Here it is, the big week. Five days from now we'll know where the Jaguars stand with their 2001 roster and their salary cap. We'll also have a pretty good idea of the long-term future of this franchise.
By close of business this Thursday, March 1, the Jaguars will have submitted their salary cap to the NFL office in New York, for overnight review prior to the following morning's deadline. When the league opens its doors for business Friday morning, all teams must be in compliance with the $67.4 million salary cap ceiling, or else.
The Jaguars have re-structured contracts at a fever pitch the last two weeks. They still have a little more re-structuring to do, but 99 percent of the effort in these final days will be spent on negotiating a new contract with quarterback Mark Brunell. He is control of what final action the Jaguars will have to take to be able to stand tall and proclaim, "We did it."
A month ago, they were staring at a $37 million salary cap excess. Now, they are close to having extinguished that amount, but they have little in the way of cap-clearing options remaining. It would seem that what has to be done to clear the remaining excess is an either-or scenario: The Jaguars must either convince Brunell to settle for a contract that clears the team's remaining salary cap excess, or begin cutting players who will represent a total cap savings that will allow the Jaguars to fit Brunell's current contract under the salary cap limit.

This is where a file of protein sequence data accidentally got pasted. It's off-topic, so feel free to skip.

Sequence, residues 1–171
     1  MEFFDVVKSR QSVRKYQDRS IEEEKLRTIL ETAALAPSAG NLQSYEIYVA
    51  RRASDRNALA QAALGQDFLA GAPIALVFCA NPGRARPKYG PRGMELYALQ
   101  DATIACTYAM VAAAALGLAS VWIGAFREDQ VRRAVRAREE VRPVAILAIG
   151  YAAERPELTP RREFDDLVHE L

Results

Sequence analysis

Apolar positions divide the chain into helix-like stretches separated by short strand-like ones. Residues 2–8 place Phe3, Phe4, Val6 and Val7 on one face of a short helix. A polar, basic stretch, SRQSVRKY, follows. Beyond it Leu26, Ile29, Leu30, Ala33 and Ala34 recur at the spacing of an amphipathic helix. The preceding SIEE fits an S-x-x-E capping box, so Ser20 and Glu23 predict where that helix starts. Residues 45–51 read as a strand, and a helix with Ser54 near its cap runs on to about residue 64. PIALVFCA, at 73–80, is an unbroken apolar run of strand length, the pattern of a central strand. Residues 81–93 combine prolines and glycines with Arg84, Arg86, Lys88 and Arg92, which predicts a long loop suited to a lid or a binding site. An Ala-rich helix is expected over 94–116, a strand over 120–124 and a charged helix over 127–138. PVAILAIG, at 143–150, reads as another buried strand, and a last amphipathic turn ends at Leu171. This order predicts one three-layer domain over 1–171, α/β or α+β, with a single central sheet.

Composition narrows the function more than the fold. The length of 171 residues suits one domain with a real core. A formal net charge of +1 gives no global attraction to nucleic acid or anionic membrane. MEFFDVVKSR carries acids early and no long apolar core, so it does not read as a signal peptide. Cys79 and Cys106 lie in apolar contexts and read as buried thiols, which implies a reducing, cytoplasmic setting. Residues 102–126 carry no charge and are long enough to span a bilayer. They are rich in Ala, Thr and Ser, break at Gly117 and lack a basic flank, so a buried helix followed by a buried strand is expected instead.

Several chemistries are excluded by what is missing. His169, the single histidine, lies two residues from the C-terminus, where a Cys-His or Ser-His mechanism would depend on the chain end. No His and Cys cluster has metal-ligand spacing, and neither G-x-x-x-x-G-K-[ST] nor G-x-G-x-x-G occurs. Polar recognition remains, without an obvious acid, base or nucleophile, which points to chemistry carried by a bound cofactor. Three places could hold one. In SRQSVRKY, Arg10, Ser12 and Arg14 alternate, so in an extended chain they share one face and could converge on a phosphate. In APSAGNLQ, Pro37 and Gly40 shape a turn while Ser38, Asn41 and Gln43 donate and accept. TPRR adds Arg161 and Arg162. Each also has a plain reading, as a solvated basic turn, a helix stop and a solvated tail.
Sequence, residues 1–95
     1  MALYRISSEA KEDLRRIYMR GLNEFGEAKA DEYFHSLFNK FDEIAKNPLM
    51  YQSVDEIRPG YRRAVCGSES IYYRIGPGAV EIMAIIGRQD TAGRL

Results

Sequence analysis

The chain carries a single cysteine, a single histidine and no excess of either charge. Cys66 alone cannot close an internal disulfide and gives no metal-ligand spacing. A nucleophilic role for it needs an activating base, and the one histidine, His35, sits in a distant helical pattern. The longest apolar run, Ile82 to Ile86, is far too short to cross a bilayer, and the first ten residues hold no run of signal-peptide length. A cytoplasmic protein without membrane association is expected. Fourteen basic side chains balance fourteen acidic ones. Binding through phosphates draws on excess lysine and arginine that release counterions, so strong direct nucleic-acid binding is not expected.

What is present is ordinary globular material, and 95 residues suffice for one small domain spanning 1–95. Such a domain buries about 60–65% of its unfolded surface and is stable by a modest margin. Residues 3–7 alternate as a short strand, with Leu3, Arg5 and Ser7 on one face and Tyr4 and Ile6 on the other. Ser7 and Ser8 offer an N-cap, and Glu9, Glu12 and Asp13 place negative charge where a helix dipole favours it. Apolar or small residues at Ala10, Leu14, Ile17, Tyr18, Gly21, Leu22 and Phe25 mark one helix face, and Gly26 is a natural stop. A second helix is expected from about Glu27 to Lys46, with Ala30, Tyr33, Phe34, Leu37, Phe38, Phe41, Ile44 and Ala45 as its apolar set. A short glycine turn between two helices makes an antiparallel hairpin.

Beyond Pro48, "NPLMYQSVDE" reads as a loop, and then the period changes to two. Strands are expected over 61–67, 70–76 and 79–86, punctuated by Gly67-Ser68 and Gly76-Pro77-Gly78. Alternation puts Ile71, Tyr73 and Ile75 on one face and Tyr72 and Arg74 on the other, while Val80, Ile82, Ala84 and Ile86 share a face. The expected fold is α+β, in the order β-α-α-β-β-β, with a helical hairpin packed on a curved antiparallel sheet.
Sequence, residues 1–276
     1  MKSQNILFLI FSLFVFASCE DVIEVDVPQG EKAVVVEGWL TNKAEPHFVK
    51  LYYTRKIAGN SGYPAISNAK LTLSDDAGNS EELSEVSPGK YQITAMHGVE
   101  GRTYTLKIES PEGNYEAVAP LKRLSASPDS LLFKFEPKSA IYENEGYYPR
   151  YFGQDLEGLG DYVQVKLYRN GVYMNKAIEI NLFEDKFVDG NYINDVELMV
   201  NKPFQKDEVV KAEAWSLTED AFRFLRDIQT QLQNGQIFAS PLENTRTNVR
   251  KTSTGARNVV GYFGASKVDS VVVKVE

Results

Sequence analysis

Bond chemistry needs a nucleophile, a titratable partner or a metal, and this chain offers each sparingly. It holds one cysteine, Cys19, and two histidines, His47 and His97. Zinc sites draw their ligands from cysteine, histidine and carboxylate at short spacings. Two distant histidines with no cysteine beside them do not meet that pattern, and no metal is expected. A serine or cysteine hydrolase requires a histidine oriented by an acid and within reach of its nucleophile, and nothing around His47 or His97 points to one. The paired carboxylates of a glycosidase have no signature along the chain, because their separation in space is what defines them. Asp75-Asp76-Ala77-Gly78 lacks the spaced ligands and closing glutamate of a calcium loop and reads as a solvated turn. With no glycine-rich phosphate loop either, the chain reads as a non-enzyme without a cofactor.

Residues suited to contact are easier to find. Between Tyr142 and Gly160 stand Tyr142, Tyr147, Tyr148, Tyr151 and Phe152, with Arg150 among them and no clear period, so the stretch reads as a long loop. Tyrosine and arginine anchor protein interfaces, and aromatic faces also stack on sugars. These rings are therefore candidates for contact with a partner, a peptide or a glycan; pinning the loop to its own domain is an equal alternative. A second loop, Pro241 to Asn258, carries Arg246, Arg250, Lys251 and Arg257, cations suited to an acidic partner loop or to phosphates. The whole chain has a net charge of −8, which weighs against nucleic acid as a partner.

Either way, it would seem the Jaguars are going to make it under the cap, and even though owner Wayne Weaver guaranteed that fact on jaguars.com a few weeks ago, there were those who doubted that it could be done. After all, no team had ever been as much over the salary cap as the Jaguars were this winter.
The players who might have to be cut wouldn't represent a roster meltdown, but releasing them won't make the Jaguars stronger. If taking one more run at the Super Bowl is the idea behind all of the re-structuring and "capnastics," then keeping the roster as strong as possible has to be a primary consideration.
So, here it is. It's all on the quarterback, just as though it was fourth-and-goal with the Super Bowl on the line. Always, it seems to depend on the quarterback. Brunell has always known that kind of pressure. He's the quarterback; he's "The Man."
As early as March 2, the 2001 season would seem to rest on him.